Joys

There was no joy in Detroit today…except that Sabathia didn’t walk anyone.

Nor did Ivan Nova, who made his major league debut. Chances of him starting the game Sunday are slim to none, but I think he should get a shot. Might as well keep Mitre around for long relief and let the actual starting prospect get a chance.

WPA Graphs and box score

I’m only posting this graph because we do it every game. If I had my druthers I’d give it the Trey Hillman treatment.

Box score here.

Up Next

Home again! The Yanks start a three-game set with Minnesota tomorrow night at the Stadium. It’ll be a tough one, with A.J. Burnett going against Francisco Liriano.

Stoneburner flirts with perfection in Tampa debut, but Ramirez steals the show

Here’s all the player movement from today. Meanwhile, Mike Ashmore had a great piece on Alan Horne and his rehab from a torn rotator cuff. Don’t miss it.

Triple-A Scranton (7-3 win over Columbus) faced the guy that perfect game’d Double-A Trenton last year
Reegie Corona, 2B & Reid Gorecki, CF: both 1 for 4, 1 RBI, 1 BB, 1 K – Corona hit a solo jack
Eduardo Nunez, SS: 2 for 5, 1 R, 1 SB – up to .323-.377-.402 … Baseball America had a little puff piece on him today (subs. req’d)
David Winfree, 1B: 1 for 5, 1 R, 1 RBI
Jon Weber, RF: 2 for 2, 2 R, 2 BB
Jesus Montero, DH: 1 for 3, 1 R, 1 2B, 1 RBI, 1 BB – he pulled an A-Rod
Chad Huffman, LF: 3 for 4, 1 R, 1 2B, 3 RBI – 10 for his last 17 (.588)
Robby Hammock, C: 0 for 3, 1 BB
Matt Cusick, 3B: 0 for 4, 1 E (fielding)
Jason Hirsh: 6 IP, 5 H, 3 R, 3 ER, 1 BB, 4 K, 6-6 GB/FB – 60 of 99 pitches were strikes (60.6%) … just 26 hits allowed in 43.2 IP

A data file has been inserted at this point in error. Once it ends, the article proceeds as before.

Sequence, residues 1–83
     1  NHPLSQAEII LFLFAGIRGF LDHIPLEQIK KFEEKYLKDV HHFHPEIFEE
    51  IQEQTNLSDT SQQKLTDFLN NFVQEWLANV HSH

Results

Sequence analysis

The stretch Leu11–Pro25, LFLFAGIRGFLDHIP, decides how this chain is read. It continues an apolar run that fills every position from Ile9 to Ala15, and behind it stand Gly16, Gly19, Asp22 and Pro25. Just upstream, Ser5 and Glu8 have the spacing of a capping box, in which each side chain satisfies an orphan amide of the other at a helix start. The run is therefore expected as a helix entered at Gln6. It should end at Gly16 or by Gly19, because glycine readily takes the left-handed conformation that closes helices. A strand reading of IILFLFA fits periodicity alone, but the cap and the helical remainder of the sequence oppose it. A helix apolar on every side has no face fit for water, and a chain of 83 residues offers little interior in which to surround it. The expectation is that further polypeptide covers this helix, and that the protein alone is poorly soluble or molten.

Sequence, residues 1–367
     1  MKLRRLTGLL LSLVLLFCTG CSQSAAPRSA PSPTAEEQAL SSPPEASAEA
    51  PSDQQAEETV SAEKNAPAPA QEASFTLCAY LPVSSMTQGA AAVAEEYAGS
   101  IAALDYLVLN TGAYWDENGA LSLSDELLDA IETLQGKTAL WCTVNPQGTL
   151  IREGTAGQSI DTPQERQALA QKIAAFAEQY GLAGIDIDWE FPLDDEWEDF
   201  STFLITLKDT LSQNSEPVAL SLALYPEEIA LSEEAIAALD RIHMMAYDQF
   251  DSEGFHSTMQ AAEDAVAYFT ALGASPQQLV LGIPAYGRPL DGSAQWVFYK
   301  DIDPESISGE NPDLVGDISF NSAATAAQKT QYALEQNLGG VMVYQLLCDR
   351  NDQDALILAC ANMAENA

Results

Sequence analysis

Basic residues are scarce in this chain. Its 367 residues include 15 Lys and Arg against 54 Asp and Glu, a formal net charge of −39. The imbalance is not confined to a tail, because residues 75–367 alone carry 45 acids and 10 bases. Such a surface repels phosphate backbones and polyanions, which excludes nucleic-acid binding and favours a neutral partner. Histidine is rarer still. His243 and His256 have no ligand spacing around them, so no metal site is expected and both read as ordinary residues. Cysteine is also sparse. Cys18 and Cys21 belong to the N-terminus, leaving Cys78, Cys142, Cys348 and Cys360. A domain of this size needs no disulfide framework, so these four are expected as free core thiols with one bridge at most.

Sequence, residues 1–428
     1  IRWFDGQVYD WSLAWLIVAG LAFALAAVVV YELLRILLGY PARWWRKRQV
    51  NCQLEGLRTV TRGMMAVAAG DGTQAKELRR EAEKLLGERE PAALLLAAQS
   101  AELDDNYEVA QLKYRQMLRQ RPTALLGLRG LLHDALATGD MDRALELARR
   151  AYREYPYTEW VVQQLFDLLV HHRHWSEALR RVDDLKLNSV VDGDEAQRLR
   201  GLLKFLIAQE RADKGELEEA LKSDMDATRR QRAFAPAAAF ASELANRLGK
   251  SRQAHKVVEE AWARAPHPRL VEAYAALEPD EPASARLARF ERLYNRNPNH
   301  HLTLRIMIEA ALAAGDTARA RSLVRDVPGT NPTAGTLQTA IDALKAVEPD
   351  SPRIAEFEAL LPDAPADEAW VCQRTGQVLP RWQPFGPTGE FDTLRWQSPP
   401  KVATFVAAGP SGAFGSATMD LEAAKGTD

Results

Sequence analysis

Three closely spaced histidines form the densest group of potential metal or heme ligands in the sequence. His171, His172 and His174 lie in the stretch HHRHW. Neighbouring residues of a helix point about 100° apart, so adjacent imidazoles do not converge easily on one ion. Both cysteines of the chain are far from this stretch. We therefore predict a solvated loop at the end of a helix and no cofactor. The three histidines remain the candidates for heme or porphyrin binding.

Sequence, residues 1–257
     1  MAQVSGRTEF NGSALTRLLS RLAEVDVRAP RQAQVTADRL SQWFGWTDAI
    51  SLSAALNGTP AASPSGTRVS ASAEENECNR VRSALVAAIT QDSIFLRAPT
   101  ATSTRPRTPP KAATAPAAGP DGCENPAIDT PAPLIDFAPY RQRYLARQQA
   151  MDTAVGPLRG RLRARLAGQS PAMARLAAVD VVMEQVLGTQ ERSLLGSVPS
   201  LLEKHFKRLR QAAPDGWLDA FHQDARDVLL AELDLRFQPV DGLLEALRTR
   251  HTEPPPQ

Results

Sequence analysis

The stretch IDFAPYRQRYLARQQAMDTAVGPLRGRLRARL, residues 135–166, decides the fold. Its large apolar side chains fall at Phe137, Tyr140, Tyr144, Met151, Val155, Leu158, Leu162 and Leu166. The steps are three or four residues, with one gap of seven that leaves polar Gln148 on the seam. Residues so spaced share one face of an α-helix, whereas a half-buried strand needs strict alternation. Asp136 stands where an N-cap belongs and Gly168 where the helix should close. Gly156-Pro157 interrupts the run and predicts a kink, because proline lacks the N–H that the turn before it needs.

Kevin Whelan: 1 IP, 1 H, 0 R, 0 ER, 1 BB, 2 K, 0-1 GB/FB - 11 of his 20 pitches were strikes
Zack Segovia: 2 IP, zeroes, 2 K, 2-2 GB/FB – 23 of his 34 pitches were strikes (67.6%)

[Read more…]

Open Thread: Coming back home

"I hope they're showing Avatar on the flight home." (Photo Credit: Duane Burleson, AP)

Well, I’m glad that little trip is over with. The Yankees have played only 12 of their 34 games at home this season, the fewest in the majors. Hopefully being back in the Boogie Down will get some people healthy and get some bats going. The series in Detroit was ugly, but they only gave up 13 runs in four games. That’s nothing.

Anyway, here’s tonight’s open thread. The Mets and Marlins are on SNY and MLB Network, plus what could potentially be LeBron James’ last game as a Cavalier will be played as well. Also, Game Seven between Bruins-Flyers is on; Boston led that series 3-0 at one point. Nevermind, it’s tomorrow. Anything goes, so have fun.

Yankee Stadium to host Jay-Z/Eminem twin bill

Supposedly, Jay-Z makes a Yankee hat more famous than a Yankee can. Although I don’t believe that claim for a minute, he will be making Yankee history this September as he and Eminem will be the first two artists to play a concert at the new Yankee Stadium. The hip hop duo announced last night their plans to play in Detroit at Comerica Park on September 2 and at Yankee Stadium on September 13. Jay-Z will headline in New York while Eminem will carry top billing in his native town.

Jay-Z, who performed “Empire State of Mind” at Yankee Stadium prior to Game 2 of the 2009 World Series, issued a statement about the date: “These shows are like a dream come true. I’ve always hoped that hip-hop could play any stadium like other genres of music. How perfect is it that Eminem and I get to play our hometowns and show how far the live rap experience has come? Fun and historic — a great combination all around the board.”